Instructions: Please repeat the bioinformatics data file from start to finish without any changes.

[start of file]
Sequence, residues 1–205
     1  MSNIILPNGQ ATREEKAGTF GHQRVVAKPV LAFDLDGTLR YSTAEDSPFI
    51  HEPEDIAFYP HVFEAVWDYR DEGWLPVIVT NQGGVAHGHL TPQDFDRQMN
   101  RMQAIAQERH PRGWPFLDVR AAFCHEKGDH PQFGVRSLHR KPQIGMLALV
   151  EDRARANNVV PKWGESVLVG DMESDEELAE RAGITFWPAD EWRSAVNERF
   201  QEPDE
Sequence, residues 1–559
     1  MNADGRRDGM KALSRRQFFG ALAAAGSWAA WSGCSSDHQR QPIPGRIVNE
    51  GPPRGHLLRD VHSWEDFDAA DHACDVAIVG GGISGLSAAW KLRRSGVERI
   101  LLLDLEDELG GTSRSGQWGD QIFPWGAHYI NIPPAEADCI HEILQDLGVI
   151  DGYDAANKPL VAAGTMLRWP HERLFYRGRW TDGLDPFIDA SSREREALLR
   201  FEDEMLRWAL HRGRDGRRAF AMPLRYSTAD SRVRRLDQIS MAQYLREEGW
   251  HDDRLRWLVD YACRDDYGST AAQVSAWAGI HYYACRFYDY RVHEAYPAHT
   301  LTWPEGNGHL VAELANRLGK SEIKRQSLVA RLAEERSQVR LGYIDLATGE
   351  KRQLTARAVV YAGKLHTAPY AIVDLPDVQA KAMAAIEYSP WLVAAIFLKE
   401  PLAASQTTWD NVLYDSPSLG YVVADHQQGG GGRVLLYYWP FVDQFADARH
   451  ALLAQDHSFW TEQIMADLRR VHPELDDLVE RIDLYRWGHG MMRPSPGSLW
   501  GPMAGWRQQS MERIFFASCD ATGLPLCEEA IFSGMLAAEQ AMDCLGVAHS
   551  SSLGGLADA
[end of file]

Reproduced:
Sequence, residues 1–205
     1  MSNIILPNGQ ATREEKAGTF GHQRVVAKPV LAFDLDGTLR YSTAEDSPFI
    51  HEPEDIAFYP HVFEAVWDYR DEGWLPVIVT NQGGVAHGHL TPQDFDRQMN
   101  RMQAIAQERH PRGWPFLDVR AAFCHEKGDH PQFGVRSLHR KPQIGMLALV
   151  EDRARANNVV PKWGESVLVG DMESDEELAE RAGITFWPAD EWRSAVNERF
   201  QEPDE
Sequence, residues 1–559
     1  MNADGRRDGM KALSRRQFFG ALAAAGSWAA WSGCSSDHQR QPIPGRIVNE
    51  GPPRGHLLRD VHSWEDFDAA DHACDVAIVG GGISGLSAAW KLRRSGVERI
   101  LLLDLEDELG GTSRSGQWGD QIFPWGAHYI NIPPAEADCI HEILQDLGVI
   151  DGYDAANKPL VAAGTMLRWP HERLFYRGRW TDGLDPFIDA SSREREALLR
   201  FEDEMLRWAL HRGRDGRRAF AMPLRYSTAD SRVRRLDQIS MAQYLREEGW
   251  HDDRLRWLVD YACRDDYGST AAQVSAWAGI HYYACRFYDY RVHEAYPAHT
   301  LTWPEGNGHL VAELANRLGK SEIKRQSLVA RLAEERSQVR LGYIDLATGE
   351  KRQLTARAVV YAGKLHTAPY AIVDLPDVQA KAMAAIEYSP WLVAAIFLKE
   401  PLAASQTTWD NVLYDSPSLG YVVADHQQGG GGRVLLYYWP FVDQFADARH
   451  ALLAQDHSFW TEQIMADLRR VHPELDDLVE RIDLYRWGHG MMRPSPGSLW
   501  GPMAGWRQQS MERIFFASCD ATGLPLCEEA IFSGMLAAEQ AMDCLGVAHS
   551  SSLGGLADA